#include "Switch.h"


#include <TFT_eSPI.h> // Hardware-specific library
#include <SPI.h>

TFT_eSPI tft = TFT_eSPI();        // Invoke custom library


Switch::Switch(int x, int y, int w, int h, bool st)
{
  int _xLoc = x;
  int _yLoc = y;
  int _xSize = w;
  int _ySize = h;
  bool _state = st;
  
}


void Switch::drawSquareSwitch()
{
  // draw a square, red/green switch graphic
  
 
  tft.drawRect((_xLoc - (_xSize/2)), (_yLoc - (_ySize/2)), _xSize, _ySize, TFT_WHITE);
  tft.drawFastVLine((_xLoc), (_yLoc - (_ySize/2)), _ySize, TFT_WHITE);

  // color state switch - which part of the switch is on 
  if (_state == true)
  {
    tft.fillRect((_xLoc - ((_xSize / 2) - 1)), (_yLoc - ((_ySize / 2) - 1)), ((_xSize / 2) - 1), (_ySize - 2), TFT_GREEN);    // fill 'on' side of switch green in color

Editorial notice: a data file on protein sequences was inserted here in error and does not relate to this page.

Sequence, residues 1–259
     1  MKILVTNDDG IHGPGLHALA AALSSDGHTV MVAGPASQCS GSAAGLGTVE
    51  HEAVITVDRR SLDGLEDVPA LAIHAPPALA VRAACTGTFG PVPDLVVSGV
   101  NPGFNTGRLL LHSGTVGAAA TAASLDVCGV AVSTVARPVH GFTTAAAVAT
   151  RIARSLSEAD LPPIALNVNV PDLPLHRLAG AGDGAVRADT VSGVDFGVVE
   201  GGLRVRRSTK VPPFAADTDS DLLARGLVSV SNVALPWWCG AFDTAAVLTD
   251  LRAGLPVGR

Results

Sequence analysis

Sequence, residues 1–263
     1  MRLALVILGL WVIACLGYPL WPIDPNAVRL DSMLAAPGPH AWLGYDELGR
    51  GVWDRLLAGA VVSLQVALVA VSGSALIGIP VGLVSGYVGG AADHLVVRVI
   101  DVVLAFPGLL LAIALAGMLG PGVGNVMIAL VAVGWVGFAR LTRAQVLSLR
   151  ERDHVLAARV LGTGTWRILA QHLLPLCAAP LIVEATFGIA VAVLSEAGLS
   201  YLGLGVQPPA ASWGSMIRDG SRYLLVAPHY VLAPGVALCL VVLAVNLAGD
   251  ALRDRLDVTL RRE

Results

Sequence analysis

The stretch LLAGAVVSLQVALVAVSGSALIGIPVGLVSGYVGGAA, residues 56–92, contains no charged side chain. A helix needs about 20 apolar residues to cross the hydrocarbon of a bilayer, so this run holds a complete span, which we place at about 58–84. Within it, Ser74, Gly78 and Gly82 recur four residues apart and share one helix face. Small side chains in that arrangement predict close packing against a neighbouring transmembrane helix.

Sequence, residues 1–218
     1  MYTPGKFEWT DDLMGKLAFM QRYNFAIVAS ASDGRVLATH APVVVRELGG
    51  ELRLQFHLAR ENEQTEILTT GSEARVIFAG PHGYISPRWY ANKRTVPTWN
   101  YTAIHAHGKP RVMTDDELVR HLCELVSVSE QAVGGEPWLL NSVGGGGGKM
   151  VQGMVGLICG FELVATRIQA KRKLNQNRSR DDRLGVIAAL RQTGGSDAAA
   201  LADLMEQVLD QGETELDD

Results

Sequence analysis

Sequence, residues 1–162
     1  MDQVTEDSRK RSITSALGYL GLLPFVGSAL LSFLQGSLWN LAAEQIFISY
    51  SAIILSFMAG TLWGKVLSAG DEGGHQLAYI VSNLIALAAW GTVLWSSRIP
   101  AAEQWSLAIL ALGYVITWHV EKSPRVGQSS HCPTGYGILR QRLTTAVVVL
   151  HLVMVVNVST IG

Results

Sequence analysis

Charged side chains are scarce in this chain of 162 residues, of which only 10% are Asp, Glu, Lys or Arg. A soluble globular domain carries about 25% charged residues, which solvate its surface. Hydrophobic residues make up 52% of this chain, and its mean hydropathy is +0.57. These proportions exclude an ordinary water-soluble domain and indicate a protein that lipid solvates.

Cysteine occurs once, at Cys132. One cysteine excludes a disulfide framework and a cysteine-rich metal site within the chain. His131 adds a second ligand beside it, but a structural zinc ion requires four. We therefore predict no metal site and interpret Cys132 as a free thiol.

tft.fillRect((_xLoc + 1), (_yLoc - ((_ySize / 2) - 1)), ((_xSize / 2) - 2), (_ySize - 2), TFT_BLACK);                    // fill 'off' side of switch black in color
  } 
  else
  {
    tft.fillRect((_xLoc - ((_xSize / 2) - 1)), (_yLoc - ((_ySize / 2) - 1)), ((_xSize / 2) - 1), (_ySize - 2), TFT_BLACK);    // fill 'on' side of switch black in color
    tft.fillRect((_xLoc + 1), (_yLoc - ((_ySize / 2) - 1)), ((_xSize / 2) - 2), (_ySize - 2), TFT_RED);                      // fill 'off' side of switch red in color
  }
 
} // end - void drawSwitch()

When compiled, I get the error message:

sketch\Switch_class.ino.cpp.o:(.bss.tft+0x0): multiple definition of `tft’
sketch\Switch.cpp.o:(.bss.tft+0x0): first defined here
collect2.exe: error: ld returned 1 exit status
exit status 1
Error compiling for board ESP32 Dev Module.